By Nicolas Melillo, from our Insurance Law Practice Group
May 18, 2020 — Following the state of health emergency decreed by government, and in accordance with the health measures that have been progressively imposed, condominiums have adopted measures alongside the government’s instructions.
Co-owners have witnessed the closure of all training rooms, gymnasiums, swimming pools, gardens and other common areas as a result. These measures, taken by condo associations, are in an effort to limit the spread of the coronavirus and to protect the occupants of the building. The decision to close off these areas arises particularly from the condo association’s responsibility to maintain them. The measures thus imposed have also involved reminding owners, by way of postings in the entrances of multi-unit buildings, that:
- The cleaning and disinfection of common areas is required daily and, within the realm of possibility, every two to four hours;
- There is a ban on all visitors, except in the case of a reasonable exception;
- There is a ban on gatherings;
- The delivery of food and goods is only allowed in building entrances.
What is the role of co-owners in relation to COVID-19?
The pandemic has unavoidably given rise to many questions regarding life in co-ownership. While co-owners are not legally required to disclose their medical status to their condo association, a contaminated co-owner should voluntarily take steps to notify their condo association in order to protect the other co-owners and avoid the risk of an outbreak in the building.
What is the role of the condo association in relation to COVID-19?
Should the condo association become aware of the medical condition of a co-owner, it has no obligation to notify the other co-owners. Nevertheless, some condo associations have notified co-owners of a confirmed case of COVID-19 in the building without revealing the identity of the co-owner. These notices are a clear demonstration of effective management to ensure the health and safety of the occupants of the building while preserving the confidentiality of the co-owner in question.
Likewise, a condo association aware of a co-owner’s refusal to respect the sanitary measures should act cautiously, beginning by sending a notice to the co-owner at fault and, if necessary, by contacting authorities should the co-owner ignore the notice. The negligent actions of the co-owner may well endanger the health and safety of the occupants of the building and a well-informed condo association should not remain passive when faced with such a situation.
What is the condo association’s responsibility over the common areas in times of a health emergency?
The obligation to maintain the common areas and the upkeep of the building is the responsibility of the condo association. However, it is important to specify that this obligation is one of means and not of results.
Thus, in order to limit its liability to co-owners who may have contracted the disease in the common areas, the condo association will have to demonstrate that it has taken the diligent measures necessary to ensure that the common areas are cleaned and disinfected, and, at a higher frequency than in normal times, given the pandemic. In addition, the condo association could demonstrate that it has implemented strict measures such as closing certain common areas, limiting the number of people in the elevators, as well as installing hand sanitizer dispensers.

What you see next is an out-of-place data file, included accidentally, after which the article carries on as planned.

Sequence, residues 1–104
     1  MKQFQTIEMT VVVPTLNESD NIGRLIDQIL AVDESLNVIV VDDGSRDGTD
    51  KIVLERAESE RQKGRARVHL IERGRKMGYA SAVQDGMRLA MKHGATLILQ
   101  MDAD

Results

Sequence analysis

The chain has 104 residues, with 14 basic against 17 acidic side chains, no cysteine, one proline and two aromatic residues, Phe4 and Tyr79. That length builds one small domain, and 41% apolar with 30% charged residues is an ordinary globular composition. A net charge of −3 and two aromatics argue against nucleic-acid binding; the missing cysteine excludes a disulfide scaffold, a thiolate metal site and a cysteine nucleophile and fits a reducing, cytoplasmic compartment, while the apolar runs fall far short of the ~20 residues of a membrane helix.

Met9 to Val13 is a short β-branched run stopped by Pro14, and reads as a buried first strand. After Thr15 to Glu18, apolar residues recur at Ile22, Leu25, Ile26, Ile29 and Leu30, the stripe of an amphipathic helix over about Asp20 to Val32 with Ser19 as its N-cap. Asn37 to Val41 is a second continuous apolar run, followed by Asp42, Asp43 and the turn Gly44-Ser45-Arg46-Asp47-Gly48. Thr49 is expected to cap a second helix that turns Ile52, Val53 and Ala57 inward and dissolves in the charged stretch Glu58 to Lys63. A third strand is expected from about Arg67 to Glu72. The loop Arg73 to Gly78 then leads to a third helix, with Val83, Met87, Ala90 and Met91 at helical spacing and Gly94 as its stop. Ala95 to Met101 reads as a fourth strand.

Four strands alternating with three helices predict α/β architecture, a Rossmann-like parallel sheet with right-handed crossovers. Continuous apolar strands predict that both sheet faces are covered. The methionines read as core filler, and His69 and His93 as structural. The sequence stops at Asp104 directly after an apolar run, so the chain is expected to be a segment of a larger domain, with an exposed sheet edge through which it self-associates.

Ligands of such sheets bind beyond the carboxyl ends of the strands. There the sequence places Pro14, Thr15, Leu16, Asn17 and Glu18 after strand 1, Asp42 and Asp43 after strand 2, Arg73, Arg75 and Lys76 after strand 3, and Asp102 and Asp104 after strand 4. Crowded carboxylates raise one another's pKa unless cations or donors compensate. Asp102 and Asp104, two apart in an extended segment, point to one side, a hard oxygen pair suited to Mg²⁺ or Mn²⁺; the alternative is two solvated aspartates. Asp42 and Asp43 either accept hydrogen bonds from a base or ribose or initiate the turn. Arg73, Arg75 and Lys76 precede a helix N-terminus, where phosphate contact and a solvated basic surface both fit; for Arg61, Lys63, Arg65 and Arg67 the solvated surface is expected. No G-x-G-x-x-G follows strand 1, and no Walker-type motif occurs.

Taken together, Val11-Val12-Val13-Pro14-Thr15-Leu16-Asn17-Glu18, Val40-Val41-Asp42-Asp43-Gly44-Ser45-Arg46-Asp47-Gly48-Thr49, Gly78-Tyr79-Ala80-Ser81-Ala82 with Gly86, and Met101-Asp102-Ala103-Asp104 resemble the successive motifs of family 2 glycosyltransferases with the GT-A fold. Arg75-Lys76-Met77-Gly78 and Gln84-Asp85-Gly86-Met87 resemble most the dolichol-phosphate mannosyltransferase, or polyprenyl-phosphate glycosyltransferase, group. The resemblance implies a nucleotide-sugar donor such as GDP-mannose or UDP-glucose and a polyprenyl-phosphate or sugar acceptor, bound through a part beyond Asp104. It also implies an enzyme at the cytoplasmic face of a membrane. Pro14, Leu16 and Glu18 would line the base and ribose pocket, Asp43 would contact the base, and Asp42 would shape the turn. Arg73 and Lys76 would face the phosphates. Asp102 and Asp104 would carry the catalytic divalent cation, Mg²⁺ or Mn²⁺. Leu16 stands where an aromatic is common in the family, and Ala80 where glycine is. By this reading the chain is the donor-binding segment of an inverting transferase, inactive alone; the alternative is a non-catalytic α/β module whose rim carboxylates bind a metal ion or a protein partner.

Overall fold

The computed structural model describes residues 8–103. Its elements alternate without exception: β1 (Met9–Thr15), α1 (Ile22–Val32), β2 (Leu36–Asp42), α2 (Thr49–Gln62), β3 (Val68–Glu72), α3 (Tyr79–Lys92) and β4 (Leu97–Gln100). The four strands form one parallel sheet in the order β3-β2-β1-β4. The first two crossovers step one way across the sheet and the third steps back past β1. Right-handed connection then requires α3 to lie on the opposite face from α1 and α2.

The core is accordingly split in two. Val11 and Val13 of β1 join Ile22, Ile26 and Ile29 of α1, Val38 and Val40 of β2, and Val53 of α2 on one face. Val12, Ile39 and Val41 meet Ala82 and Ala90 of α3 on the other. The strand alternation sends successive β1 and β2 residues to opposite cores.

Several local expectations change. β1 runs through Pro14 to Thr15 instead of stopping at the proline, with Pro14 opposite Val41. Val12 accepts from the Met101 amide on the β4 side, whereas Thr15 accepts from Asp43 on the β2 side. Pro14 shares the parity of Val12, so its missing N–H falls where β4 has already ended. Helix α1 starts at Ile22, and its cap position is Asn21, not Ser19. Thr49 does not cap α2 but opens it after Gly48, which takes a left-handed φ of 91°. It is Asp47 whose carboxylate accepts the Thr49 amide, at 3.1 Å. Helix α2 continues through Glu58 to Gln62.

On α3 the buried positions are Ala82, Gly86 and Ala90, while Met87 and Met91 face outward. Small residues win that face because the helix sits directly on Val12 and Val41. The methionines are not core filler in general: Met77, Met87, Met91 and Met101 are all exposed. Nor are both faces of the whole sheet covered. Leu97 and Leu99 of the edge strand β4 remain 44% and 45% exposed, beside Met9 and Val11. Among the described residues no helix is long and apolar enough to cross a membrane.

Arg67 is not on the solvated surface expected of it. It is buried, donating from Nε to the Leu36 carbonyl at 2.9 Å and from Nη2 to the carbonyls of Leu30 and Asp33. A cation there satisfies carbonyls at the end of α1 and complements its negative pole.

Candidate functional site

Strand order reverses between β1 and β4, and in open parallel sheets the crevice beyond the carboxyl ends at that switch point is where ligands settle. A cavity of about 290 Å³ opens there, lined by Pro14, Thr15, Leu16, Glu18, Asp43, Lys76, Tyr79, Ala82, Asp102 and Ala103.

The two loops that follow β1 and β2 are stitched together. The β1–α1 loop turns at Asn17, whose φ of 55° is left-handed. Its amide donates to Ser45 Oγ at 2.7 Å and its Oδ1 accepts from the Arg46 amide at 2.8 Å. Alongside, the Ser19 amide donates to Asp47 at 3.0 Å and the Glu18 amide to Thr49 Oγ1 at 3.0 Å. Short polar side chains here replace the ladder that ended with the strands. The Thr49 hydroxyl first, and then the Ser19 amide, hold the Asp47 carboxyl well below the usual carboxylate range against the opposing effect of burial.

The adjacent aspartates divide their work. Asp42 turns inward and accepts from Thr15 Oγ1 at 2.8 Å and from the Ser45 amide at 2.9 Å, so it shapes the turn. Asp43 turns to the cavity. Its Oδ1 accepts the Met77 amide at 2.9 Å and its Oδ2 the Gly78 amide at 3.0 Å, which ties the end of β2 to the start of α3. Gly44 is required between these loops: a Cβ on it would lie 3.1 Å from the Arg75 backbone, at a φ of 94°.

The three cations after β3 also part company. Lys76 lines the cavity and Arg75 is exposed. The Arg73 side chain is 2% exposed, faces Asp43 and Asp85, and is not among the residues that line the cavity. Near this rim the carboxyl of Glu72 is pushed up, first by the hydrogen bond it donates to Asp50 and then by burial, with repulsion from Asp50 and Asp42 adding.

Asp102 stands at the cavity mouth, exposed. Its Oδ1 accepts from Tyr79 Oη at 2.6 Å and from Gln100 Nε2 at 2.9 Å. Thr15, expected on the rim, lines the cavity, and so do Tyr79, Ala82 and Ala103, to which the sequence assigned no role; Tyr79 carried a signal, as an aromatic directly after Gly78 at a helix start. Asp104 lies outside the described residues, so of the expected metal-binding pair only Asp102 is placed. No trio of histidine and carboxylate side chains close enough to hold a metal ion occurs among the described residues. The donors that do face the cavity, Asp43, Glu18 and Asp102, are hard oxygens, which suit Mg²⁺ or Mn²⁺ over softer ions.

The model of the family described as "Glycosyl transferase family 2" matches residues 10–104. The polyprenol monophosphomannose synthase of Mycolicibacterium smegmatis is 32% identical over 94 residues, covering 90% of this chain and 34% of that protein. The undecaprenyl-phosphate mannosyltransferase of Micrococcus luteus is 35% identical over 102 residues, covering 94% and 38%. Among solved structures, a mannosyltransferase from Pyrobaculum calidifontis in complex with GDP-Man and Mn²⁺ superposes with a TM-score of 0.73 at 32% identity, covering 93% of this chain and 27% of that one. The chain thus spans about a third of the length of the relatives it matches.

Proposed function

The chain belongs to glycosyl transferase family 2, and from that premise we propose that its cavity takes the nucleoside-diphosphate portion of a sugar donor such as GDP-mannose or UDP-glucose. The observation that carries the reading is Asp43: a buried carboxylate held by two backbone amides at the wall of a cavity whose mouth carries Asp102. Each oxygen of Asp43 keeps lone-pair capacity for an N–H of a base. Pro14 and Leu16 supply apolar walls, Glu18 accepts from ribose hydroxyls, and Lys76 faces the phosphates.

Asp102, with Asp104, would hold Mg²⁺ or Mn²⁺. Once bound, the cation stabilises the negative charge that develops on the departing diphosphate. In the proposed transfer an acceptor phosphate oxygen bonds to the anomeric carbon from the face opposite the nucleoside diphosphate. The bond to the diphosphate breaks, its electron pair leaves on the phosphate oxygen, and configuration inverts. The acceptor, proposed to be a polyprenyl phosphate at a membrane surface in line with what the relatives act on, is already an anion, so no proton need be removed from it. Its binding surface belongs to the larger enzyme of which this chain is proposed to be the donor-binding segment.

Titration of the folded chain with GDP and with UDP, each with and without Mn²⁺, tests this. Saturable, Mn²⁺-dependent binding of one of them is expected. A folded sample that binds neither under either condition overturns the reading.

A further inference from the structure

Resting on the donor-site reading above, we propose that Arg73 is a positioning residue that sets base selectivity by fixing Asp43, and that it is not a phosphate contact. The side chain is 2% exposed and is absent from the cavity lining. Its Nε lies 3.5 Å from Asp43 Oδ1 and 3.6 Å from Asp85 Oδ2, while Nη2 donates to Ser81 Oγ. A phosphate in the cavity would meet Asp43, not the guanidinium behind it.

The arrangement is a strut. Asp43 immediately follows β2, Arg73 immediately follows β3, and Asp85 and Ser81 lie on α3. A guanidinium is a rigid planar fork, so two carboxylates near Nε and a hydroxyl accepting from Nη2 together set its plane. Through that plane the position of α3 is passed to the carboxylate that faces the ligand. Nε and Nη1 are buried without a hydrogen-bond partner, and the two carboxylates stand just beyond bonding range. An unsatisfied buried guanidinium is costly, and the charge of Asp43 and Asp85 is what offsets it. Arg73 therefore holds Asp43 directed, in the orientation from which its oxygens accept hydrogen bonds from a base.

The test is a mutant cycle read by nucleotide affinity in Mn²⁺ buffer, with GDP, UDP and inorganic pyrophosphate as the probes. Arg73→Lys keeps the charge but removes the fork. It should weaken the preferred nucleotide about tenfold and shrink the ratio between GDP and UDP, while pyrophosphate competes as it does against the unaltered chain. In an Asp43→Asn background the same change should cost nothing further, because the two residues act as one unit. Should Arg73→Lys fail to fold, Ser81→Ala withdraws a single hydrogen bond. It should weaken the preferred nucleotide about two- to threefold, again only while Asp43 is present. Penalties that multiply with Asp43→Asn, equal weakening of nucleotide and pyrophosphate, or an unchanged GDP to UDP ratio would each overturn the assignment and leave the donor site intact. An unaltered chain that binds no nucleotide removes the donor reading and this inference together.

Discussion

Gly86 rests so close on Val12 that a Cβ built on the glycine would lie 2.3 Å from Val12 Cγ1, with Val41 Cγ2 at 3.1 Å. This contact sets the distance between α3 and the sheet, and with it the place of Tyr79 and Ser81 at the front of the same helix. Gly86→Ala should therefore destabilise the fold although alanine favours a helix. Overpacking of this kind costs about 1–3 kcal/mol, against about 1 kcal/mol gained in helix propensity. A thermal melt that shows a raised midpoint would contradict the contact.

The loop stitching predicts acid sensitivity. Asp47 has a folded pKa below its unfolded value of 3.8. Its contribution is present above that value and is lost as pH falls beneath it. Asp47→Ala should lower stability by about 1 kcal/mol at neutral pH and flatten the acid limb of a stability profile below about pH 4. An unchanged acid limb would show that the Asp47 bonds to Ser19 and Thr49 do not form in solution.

What about condo fees?
The obligation to pay condo fees remains unchanged in the time of COVID-19. Just as tenants under their residential lease must pay their monthly rent, condominium owners must continue to pay condo fees.
Are the meetings of the Board of Directors and the Assembly of co-owners to be held?
While it may be true that meetings of the board of directors of the condo association can be held virtually, when this is provided for in the declaration of co-ownership or the internal by-laws, and that the decisions of the Board can also be made by unanimous written resolutions approved by the directors, general meetings of co-owners must be postponed due to COVID-19.
As a precautionary measure, the directors of the condo association should adopt a resolution to compensate for the fact that the general meetings cannot be held within the time limit set out in the declaration of co-ownership, if applicable. This resolution could provide that the meeting will be held later, after the confinement is lifted. In the meantime, the directors can agree to maintain the status quo with respect to common expenses while evaluating future adjustments that will have to be made to the co-ownership budget due to the pandemic.
In the meantime, a press release dated April 27, 2020, issued by the Minister of Justice and Attorney General of Québec, Sonia Lebel, announced the implementation of a new temporary measure for holding meetings, assemblies or sessions remotely where this would normally be prevented by law or regulation. This measure targets, among others, condo associations. Under this measure, the meetings will be considered valid even if they are held at a distance by technological means for the duration of the health emergency related to the COVID-19 pandemic. It will be interesting to see whether the meetings will be held in accordance with this temporary measure or if directors will prefer to wait for the lifting of the ban on gatherings.
Like any good citizen, co-owners are expected to adapt their behaviour appropriately to face the COVID-19 pandemic, to contribute to the general effort to limit the spread of the virus and, above all, to ensure the health and safety of the other occupants of their building. The condo associations are making strong efforts in ensuring that co-owners are safe in their homes, that they be prudent, and comply with instructions issued in their building.